The mass media are now agog with news involving unsavoury tactics adopted to increase the number of Ministerial Portfolios merely to appease the greedy politicians in search of power and filthy lucre. The President has gone to the extent of using the stage on National Independence Day to disapprove such unethical moves to form a National Government to achieve ulterior motives.
Feeding this shameless greed for power and money by increasing the number of ministerial portfolios is a brazen act of adding insult to injury. The naked reality we should ponder is that at a time when the country is bleeding with a colossal debt repayment and an economic crisis how can we afford to cope up with an unproductive, head- heavy Cabinet and a political administration system? The recent 52-day crisis and the lack of quorum to debate a nationally-important issue amply shows the lackadaisical attitude of the majority of our present-day Parliamentarians in a representative democracy.
In our view, the remedy for the Cabinet mania is to drastically cut down the alarming number of perks and privileges ranging from liberal space, staff allocations and security to luxury duty free vehicles presently enjoyed by Cabinet ministers, so that the position will become unattractive to ministerial aspirants. The resultant tax and resource saving can be diverted to execute critical rural development imperatives of the country.
Secondly, we have been repeatedly exhorting that if our politicians can place the country first in their agenda, the need to garner a two-thirds majority through formation of national governments will not arise, as all bills/proposals shall be objectively fine-tuned in favour of the country through a robust debate irrespective of party affiliations. The party system should be used to arrive at best options for country’s development and not to maintain oneupmanship in Parliament and other institutions in the political administration system.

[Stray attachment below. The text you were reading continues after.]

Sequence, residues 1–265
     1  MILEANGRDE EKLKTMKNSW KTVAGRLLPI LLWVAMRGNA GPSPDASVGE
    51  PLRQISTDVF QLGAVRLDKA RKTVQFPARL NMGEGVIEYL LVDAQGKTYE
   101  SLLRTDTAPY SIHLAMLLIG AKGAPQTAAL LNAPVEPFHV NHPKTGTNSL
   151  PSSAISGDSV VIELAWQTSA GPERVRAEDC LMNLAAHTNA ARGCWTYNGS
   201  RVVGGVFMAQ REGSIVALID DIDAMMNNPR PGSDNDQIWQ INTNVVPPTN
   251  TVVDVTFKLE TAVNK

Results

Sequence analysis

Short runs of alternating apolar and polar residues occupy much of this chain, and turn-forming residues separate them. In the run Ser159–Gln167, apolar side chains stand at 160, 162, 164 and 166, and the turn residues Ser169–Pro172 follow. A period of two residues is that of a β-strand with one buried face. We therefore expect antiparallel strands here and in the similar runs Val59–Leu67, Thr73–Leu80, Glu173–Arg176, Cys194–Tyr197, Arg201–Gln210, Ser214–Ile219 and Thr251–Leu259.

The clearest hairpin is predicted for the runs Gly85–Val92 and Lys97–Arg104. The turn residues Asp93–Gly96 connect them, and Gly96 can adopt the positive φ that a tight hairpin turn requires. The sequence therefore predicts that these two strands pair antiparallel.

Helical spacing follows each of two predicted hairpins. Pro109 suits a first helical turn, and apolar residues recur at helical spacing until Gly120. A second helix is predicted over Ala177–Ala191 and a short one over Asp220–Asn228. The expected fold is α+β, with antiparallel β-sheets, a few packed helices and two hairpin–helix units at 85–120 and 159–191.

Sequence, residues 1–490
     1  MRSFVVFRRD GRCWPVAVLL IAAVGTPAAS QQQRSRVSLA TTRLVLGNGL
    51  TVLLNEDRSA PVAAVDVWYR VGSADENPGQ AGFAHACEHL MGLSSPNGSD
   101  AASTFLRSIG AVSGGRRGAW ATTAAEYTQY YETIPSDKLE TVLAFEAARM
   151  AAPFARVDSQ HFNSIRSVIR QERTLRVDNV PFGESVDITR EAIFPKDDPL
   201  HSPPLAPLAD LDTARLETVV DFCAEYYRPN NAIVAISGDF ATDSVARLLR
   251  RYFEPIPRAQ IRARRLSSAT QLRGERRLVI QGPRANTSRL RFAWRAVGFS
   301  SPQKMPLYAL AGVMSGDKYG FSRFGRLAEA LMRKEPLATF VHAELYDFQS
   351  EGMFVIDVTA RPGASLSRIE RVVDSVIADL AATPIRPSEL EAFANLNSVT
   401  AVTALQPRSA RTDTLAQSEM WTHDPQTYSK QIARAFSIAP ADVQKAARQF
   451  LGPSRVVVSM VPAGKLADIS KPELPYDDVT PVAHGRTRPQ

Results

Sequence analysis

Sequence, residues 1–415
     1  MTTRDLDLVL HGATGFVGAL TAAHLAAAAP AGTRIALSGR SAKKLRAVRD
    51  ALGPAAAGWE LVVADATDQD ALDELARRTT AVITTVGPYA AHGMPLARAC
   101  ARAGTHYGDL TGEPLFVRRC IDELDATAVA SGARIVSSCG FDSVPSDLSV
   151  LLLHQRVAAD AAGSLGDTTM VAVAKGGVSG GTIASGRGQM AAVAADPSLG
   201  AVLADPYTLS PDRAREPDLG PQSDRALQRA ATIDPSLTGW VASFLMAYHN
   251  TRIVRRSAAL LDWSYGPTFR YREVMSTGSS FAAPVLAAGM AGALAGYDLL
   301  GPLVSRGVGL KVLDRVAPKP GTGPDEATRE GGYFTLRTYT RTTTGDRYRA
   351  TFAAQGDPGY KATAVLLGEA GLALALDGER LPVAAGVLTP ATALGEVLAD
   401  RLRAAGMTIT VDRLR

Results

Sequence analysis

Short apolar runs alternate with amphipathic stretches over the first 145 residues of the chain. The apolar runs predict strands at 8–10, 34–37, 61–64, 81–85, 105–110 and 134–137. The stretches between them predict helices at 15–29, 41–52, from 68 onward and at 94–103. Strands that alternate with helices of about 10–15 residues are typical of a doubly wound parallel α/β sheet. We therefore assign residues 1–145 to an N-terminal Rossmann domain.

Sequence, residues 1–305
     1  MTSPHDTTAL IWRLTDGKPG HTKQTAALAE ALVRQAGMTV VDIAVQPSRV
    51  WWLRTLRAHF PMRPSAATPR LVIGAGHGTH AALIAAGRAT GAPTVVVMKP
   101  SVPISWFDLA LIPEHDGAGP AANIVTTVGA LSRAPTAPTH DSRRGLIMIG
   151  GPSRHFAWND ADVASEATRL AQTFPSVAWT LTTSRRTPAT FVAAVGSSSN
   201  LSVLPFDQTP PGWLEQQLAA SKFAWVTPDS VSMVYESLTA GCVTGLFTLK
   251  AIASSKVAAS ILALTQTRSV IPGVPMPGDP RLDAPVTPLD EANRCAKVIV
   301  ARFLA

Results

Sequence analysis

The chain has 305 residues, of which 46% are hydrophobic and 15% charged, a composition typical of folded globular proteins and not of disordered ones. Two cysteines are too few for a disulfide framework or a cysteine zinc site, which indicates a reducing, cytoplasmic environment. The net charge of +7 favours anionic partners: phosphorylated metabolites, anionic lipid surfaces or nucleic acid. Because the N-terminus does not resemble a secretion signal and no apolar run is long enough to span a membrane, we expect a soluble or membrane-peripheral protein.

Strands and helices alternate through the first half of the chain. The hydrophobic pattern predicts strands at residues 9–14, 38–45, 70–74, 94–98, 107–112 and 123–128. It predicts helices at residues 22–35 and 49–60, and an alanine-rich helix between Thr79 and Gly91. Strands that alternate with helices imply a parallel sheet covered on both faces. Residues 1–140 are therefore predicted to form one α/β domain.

If this change of heart is not forthcoming from the present set of politicians, the remedy available for the sovereign voters would be to dump them in to the dust bin of history and select genuine political professionals to take over our future political administration.
In the event this process cannot be facilitated by legislation due to time and other obvious constraints, we appeal to the Elections Commission and all civil rights activists and organisations to collaborate with the mass media to pressurise all parties to field only genuine political professionals for the upcoming elections in ‘district wise merit order’.
For this purpose, the message should be given to all parties that the media will highlight the profiles of all candidates well before the election date so that voters will be educated not to cast their optional preference vote to undeserving and dubious candidates if fielded.
Let us remind ourselves that merely holding elections spending billions of taxpayers’ money will be exercises in futility. Forget not, that if there is a will there is always a way!
Bernard Fernando Moratuwa